The play is revered for good reason and, subsequently, it is produced often. Wallace goes for a traditional approach with the material, but even so, manages to bring life and freshness to it. While it cannot be relied on, the deluge that preceded the performance that this reviewer attended added a level of verisimilitude and something very moor-like to the production. With the foliage of Tempest and garish banners of Shrew absent, the set was appropriately gloomy and austere, a real showcase of both its versatility and its designer’s (Paul Owen) talent. All of this in addition to bagpipe music (provided by Christian Thomas) and Donna Lawrence Downs’ wonderful costumes firmly establish the audience in the setting. Lighting and sound (Casey Clark and Laura Ellis) work harmoniously to create some truly beautiful and terrifying moments, particularly with the Witches and some of the other more surrealistic scenes. In fact, this reviewer’s favorite moment in the text is the vision of future kings that Macbeth receives upon his second visit to the Witches, and its execution here is a fine marriage of the technical and acting talent assembled in this production. Special attention must also be paid to Kathryn Spivey and Christian Bowyer’s props, which also gave the production authenticity and fun, especially a certain hammer wielded by Kyle Ware that would give even Chris Hemsworth a case of Mjolnir-envy.
No review of a Shakespeare play is complete without a discussion of the players, and top to bottom, this production is, once again, far from a disappointment. Both Jon O’Brien and Abigail Maupin deftly handle some of the most famous of all Shakespeare’s language and color it with true emotion. Two of the more interesting dynamics of the play are gender roles and the masculinity of ambition vs. the femininity of guilt. It was a truly progressive statement that Shakespeare was making back then, and O’Brien and Maupin dance that dance with skill that is both impressive and engrossing. Robertson, Rader, and Massie offer a weirdness (wyrdness?) to the Witches both ominous and unsettling, and their use throughout the play as stagehands to signify their role in the shaping of Macbeth’s fate was inspired. Benjamin’s Banquo is strong and sturdy, a dependable friend, which makes his demise at the hands of Macbeth and his appearance as a ghost somber and eerie. Jeremy Sapp brings masculinity and danger to the role of Macduff, providing a foil to an almost unstoppable Macbeth, a very difficult task to pull off. Gregory Maupin also needlessly implores the audience to remember him as the Porter in a turn that wrung out fresh and genuine laughter from a monologue that this reviewer had long considered a desiccated husk.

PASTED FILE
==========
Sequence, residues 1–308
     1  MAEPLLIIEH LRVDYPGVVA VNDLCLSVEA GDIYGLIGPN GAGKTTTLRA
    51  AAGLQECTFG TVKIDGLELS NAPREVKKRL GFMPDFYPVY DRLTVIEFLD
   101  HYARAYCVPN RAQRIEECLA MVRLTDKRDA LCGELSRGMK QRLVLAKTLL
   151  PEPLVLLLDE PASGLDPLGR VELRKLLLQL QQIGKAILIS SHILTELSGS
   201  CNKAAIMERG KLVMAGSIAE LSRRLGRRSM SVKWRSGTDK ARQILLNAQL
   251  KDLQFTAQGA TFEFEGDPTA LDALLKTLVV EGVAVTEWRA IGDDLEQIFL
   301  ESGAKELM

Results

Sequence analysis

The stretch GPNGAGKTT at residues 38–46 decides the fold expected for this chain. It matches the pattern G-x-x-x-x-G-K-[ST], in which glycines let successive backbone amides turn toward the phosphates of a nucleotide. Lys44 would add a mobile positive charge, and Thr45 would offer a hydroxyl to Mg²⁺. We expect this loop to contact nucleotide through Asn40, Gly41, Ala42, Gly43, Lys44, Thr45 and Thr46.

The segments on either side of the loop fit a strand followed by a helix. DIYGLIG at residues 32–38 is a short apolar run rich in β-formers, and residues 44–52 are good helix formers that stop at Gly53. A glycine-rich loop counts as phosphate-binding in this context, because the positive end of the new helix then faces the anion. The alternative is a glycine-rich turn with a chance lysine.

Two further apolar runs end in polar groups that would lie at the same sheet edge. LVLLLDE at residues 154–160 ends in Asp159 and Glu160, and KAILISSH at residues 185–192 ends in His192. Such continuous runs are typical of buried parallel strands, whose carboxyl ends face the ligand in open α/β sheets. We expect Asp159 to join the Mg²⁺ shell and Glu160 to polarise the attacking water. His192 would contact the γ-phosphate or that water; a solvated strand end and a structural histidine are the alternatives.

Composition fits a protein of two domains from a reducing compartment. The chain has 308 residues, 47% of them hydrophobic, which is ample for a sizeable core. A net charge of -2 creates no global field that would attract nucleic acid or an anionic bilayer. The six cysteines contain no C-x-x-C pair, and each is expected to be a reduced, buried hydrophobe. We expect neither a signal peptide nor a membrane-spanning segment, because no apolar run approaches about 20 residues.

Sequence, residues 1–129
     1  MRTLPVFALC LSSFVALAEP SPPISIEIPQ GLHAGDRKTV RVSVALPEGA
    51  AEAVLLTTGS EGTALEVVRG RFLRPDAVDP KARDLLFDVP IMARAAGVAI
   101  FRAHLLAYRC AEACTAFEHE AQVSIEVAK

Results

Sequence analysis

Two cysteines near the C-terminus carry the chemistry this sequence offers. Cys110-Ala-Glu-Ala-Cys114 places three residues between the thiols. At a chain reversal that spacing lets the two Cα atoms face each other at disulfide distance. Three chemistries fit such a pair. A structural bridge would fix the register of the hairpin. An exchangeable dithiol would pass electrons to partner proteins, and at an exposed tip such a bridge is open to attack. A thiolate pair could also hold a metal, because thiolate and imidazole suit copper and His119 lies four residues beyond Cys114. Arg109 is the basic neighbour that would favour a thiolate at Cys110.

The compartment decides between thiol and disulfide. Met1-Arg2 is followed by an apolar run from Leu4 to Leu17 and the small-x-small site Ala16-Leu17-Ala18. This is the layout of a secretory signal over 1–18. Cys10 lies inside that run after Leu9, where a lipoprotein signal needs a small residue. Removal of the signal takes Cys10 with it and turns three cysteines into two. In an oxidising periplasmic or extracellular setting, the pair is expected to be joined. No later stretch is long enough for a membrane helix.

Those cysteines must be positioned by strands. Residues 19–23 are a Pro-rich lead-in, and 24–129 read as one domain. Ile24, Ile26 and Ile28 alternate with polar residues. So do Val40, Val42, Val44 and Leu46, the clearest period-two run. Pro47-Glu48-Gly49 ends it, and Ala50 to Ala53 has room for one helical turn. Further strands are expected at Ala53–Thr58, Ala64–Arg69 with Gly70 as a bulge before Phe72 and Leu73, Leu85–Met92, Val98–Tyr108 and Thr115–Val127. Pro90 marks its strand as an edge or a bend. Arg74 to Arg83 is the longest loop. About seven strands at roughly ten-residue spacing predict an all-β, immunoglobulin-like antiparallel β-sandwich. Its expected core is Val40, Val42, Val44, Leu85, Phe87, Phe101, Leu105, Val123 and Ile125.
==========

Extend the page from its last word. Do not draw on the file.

If there’s anything negative to say about the production at all, it’s that this reviewer found the final bout between Macduff and Macbeth to be oddly truncated and anticlimactic, a different world entirely from the rest of the incredible fight choreography provided by Eric Frantz. That being said, the sheer weight of the superlatives displayed here demands that this play be seen. The evils of ambition are real, but as clearly evidenced here, Kentucky Shakespeare has nothing to worry about.
July 3 – July 26, 2015
8:00PM Nightly Free Show; 7:15 pre-show
Kentucky Shakespeare Festival
In Central Park
[box_light]Ben Gierhart is a local actor, playwright, and director who has worked with several companies in town including The Bard’s Town, Pandora Productions, Savage Rose, and Centerstage. Ben serves on the board and in the acting ensemble for The Bard’s Town Theatre, and he is also a founding member of the Derby City Playwrights, a collective dedicated to creating new and exciting plays in Louisville.[/box_light]